An insider's look at the Irish Beer Industry by Dean McGuinness

He's Newstalk's beer guy, beer importer & brewer, beer talker & educator, and is @BeerMessiah on twitter.

Ireland is probably around the level of the US beer industry in the 1990s, it's in its 'adolescence' phase. It's learning from others, following the successes and learning from mistakes that have happened to others.

Nice chocolate touch but got a bit much
Brewing in lreland dates back millennia, 19th century they had many local breweries, supported by local bottlers & distributors. In 1928 they formed the Wholesale Bottlers Association SDBBA, later BCI. During the 20th century consolidation of the industry happened, breweries closed and the whole market changed resulting in less choice for beer drinkers.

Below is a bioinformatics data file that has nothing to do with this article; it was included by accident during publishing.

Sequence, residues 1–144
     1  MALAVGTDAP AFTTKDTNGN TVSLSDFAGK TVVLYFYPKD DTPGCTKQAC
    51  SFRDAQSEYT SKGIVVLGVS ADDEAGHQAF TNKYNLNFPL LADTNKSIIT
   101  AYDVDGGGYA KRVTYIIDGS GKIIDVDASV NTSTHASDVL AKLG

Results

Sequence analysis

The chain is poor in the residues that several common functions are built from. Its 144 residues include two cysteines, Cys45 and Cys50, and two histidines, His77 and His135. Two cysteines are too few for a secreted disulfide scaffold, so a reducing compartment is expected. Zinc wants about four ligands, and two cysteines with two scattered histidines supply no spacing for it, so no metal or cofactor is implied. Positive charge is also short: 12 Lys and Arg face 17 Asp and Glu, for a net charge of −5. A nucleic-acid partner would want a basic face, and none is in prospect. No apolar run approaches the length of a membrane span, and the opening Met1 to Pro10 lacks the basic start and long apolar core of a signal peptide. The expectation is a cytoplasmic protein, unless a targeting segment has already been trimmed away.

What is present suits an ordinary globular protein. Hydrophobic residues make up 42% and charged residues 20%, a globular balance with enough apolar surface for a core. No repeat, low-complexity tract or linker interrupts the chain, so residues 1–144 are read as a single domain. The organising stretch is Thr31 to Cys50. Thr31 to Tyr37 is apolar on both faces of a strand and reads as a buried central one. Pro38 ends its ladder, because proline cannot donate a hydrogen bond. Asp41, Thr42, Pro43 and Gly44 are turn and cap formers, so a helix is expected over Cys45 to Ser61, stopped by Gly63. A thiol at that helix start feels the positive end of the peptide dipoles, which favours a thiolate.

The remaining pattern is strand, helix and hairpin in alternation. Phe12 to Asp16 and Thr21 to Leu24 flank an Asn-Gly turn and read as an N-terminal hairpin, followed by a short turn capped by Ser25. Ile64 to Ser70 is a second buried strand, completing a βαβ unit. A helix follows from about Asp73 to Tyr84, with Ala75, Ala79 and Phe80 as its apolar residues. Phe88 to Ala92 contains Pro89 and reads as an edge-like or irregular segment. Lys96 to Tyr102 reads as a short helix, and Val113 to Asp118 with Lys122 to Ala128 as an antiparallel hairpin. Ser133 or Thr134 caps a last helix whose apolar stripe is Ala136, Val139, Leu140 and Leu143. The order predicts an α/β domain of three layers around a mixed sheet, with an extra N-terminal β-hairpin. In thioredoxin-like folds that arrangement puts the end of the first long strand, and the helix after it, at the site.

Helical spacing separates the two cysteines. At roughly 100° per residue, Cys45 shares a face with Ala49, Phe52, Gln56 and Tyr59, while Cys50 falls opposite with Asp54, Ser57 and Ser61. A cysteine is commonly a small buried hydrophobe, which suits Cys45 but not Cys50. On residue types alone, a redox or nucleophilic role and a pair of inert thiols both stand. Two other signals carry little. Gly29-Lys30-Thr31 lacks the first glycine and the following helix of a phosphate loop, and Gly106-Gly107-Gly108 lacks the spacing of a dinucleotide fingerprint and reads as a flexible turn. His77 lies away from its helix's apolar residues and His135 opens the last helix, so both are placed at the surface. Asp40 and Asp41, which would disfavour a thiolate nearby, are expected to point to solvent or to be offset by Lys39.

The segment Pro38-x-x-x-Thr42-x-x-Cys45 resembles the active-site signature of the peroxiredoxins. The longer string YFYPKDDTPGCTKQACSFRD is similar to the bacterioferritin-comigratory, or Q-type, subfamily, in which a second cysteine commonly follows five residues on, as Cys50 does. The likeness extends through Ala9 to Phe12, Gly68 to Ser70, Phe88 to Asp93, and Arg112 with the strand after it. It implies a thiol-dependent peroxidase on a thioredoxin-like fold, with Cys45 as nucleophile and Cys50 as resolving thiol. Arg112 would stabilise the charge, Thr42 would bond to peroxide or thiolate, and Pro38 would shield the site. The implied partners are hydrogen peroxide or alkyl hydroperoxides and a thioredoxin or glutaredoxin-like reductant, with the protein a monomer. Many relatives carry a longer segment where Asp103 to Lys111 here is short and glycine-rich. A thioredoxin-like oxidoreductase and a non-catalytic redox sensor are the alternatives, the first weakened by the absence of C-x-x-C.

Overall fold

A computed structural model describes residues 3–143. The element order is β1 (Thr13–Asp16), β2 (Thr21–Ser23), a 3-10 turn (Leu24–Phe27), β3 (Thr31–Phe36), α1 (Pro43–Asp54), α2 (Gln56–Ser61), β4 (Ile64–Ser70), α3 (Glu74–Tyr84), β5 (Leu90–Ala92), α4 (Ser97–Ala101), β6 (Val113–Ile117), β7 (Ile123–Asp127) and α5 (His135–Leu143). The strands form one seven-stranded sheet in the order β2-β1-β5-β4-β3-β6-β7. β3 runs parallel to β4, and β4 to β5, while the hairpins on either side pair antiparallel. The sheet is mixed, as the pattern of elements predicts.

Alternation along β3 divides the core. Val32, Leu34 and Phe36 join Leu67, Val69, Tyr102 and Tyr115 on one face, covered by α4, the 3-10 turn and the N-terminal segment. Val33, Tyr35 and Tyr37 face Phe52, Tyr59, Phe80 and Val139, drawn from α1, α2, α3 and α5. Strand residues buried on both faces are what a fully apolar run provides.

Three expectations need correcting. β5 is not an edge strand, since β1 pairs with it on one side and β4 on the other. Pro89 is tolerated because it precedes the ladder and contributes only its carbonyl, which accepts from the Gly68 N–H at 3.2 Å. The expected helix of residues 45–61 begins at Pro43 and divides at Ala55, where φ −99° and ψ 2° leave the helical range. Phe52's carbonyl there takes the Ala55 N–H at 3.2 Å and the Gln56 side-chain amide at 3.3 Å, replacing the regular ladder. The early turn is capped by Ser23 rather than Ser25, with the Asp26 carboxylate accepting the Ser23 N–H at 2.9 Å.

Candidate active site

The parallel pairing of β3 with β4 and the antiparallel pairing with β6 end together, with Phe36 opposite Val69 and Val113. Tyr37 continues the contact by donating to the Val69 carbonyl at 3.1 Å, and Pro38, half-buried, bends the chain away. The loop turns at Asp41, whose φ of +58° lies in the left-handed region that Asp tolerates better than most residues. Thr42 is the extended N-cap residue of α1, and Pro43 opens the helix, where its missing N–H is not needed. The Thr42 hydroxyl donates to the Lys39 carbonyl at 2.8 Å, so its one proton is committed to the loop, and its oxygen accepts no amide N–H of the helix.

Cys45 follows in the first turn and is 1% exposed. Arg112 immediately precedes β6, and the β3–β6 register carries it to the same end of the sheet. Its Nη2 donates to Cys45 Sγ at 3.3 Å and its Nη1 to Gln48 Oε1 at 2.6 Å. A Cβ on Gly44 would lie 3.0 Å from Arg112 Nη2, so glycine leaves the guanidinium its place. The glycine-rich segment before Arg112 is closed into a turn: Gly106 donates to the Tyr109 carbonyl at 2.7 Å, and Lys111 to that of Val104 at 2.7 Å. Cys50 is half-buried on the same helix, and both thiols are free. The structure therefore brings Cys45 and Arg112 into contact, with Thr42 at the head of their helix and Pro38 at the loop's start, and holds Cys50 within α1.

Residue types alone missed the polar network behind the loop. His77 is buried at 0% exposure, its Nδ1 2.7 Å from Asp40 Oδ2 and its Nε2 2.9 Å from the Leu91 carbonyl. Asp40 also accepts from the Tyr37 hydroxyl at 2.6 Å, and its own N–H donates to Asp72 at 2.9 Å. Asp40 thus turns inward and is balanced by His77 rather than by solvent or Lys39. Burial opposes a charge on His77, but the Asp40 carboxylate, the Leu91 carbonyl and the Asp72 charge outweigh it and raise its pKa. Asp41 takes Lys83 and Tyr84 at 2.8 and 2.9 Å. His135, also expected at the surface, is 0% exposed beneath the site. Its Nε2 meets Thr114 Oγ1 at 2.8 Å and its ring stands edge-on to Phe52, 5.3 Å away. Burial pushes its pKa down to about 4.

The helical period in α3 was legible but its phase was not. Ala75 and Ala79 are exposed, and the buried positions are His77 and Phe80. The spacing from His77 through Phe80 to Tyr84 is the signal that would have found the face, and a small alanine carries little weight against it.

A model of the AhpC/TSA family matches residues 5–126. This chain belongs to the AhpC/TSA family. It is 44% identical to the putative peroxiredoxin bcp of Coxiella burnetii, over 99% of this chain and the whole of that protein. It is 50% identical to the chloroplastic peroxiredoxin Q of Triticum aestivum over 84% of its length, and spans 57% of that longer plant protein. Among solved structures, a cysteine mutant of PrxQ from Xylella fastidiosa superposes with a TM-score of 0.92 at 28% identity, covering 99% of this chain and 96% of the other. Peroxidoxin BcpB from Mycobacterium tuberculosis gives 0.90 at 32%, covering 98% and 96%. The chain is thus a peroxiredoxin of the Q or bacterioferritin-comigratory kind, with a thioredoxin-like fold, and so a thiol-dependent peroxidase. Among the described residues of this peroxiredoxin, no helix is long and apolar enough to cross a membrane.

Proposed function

Thwaites 13 Guns & Black Sheep Progress were used as examples of modern-styled beers brewed by breweries which have been around a long time but continue to adapt to the challenges that face a brewery in an everchanging marketplace.

Black Sheep Brewery was 'born' at the same time as the Irish craft beer industry, in the early 90s. They focus on quality, heritage & approach. They have a new small pilot brewery allowing them to produce alternatives to their steady core range.

Marc's Chocolate Bock is part of a new beer range from Maisel, 7.5% powerful stout with dark chocolate notes and a warming finish. This was used as an example of where a brewery is pushing in a new direction, it's from a German brewer but doesn't conform to their Rheinheitsgebot tradition due to the addition of chocolate in the brewing process.

We need to insist on choice - diversity is good. We need to teach and be taught, don't be afraid to ask. Respect a beer's heritage, many Belgian brewers use adjuncts and we need to value breweries who maintain heritage.

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